Lonnie Bunch, the founding director of the Smithsonian Institution’s National Museum of African American History and Culture welcomes guests to the museum's special ceremony outside of the Smithsonian’s newest museum that is scheduled to open in Fall 2016. (Cheriss May/HUNS)

Lonnie Bunch launched a nationwide fundraising campaign to fulfill a century-old “fitful and frustrated” effort to establish a museum dedicated to the life and legacy of African-American history and culture in Washington, D.C. Such luminaries as Congressman John Lewis and the late Congressman Mickey Leland of Texas, resurrected the effort in the early ’80s. However, it was not until 2003 following a report from a commission appointed by President George W. Bush which led to the passage of the law authorizing the establishment of the National Museum of African America History and Culture (NMAAHC) that the long-held collective dream finally became a reality.

Bunch writes that upon being appointed as the museum’s director, all the position required was to “articulate a vision, hire a staff, find a site, amass a collection, get a building designed and constructed, ensure that more than $500 million could be raised … ease apprehension among African-American museums that they all would benefit from the NMAAHC, learn to work with one of the most powerful and influential boards of any cultural institution and answer all arguments — rational and otherwise.” And, in the beginning as Bunch traveled the country to solicit support, all he had to share were a few pieces of paper and a strong, convincing message.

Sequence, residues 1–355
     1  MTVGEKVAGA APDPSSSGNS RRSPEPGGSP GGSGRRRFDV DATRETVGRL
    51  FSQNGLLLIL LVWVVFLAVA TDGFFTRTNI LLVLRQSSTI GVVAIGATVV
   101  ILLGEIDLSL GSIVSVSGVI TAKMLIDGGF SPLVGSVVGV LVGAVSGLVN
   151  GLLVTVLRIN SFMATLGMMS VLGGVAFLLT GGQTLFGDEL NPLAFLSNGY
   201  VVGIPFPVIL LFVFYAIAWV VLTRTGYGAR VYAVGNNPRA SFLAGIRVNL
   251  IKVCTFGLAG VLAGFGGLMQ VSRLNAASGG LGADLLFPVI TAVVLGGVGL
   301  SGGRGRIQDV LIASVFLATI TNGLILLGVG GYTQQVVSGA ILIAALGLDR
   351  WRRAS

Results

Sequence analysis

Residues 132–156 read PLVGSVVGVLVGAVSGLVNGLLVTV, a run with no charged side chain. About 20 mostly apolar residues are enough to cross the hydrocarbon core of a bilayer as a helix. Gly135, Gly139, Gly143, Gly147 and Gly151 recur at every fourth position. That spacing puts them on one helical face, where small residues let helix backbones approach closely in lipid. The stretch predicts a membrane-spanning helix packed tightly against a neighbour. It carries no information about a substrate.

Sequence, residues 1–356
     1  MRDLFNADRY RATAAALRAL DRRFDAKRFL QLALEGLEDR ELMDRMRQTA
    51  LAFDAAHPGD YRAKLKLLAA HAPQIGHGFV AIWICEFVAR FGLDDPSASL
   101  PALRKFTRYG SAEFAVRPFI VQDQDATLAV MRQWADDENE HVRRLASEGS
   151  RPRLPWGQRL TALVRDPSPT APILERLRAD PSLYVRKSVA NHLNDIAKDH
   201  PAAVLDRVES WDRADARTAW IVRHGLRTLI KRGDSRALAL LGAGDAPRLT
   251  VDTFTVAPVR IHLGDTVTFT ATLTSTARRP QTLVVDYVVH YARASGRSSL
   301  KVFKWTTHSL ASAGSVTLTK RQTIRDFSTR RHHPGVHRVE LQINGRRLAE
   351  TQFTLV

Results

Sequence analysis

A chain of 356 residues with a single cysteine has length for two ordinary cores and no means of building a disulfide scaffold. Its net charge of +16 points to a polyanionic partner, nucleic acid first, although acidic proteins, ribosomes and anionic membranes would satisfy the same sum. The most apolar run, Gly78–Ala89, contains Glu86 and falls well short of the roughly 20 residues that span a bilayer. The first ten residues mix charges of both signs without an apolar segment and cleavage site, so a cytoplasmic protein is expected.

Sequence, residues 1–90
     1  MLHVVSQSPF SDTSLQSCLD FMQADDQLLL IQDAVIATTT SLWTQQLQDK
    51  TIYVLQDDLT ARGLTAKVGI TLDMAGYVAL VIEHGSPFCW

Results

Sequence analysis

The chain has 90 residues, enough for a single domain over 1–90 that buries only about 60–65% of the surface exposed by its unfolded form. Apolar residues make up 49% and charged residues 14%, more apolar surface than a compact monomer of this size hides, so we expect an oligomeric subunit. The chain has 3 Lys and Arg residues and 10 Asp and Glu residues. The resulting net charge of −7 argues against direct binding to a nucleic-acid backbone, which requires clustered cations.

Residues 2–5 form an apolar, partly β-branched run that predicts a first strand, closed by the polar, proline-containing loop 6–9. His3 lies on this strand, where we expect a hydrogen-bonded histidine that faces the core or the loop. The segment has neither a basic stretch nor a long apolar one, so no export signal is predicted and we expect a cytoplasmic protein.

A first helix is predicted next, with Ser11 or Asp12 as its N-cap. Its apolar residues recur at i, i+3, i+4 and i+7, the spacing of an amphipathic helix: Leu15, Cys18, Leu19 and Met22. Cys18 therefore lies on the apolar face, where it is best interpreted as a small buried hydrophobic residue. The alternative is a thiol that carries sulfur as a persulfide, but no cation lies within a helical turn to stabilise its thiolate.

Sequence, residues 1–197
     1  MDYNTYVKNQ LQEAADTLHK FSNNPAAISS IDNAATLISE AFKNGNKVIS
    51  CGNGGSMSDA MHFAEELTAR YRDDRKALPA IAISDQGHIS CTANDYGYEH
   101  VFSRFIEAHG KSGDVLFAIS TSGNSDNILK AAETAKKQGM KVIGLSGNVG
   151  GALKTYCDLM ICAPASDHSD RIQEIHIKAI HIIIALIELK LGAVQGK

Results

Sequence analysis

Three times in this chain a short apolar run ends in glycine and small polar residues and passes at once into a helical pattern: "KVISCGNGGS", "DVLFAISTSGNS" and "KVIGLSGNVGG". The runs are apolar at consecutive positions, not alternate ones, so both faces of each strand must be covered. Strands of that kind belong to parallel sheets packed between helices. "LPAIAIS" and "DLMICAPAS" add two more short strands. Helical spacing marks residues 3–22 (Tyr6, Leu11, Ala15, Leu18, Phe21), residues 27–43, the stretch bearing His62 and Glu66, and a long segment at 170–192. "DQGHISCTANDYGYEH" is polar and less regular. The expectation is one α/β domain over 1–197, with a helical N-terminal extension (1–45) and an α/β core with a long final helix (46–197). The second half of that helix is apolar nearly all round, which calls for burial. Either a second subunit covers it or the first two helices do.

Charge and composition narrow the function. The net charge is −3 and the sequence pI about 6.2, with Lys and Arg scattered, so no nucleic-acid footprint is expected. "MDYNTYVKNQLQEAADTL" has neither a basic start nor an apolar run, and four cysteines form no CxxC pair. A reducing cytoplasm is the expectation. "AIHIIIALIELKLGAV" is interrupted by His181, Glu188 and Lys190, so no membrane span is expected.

Bunch’s success has been well documented since the NMAAHC officially opened in 2016 with more than 600,000 visitors, reportedly, in the first three months. It has proven to be one of the most popular museums in the Smithsonian complex and probably has the most diverse staff of all of the museums.

For these reasons and many others, Lonnie Bunch is the right choice to be named the 14th secretary of the Smithsonian Institution, a position he will assume on June 16. He is the first African American to head the Smithsonian since it was founded in 1846, which includes 19 museums, the National Zoo and nine research centers.

The heavy load Bunch has carried won’t get any lighter as he strives to right the ship at the Smithsonian that is laden with an array of challenges including complaints of discrimination across the board. It will be a new day at the Smithsonian and not only a test of Bunch’s already proven fortitude but also of his ability to successfully revise a culture at the Smithsonian — a change in direction and philosophy that’s long overdue.

WI Guest Author

This correspondent is a guest contributor to The Washington Informer.

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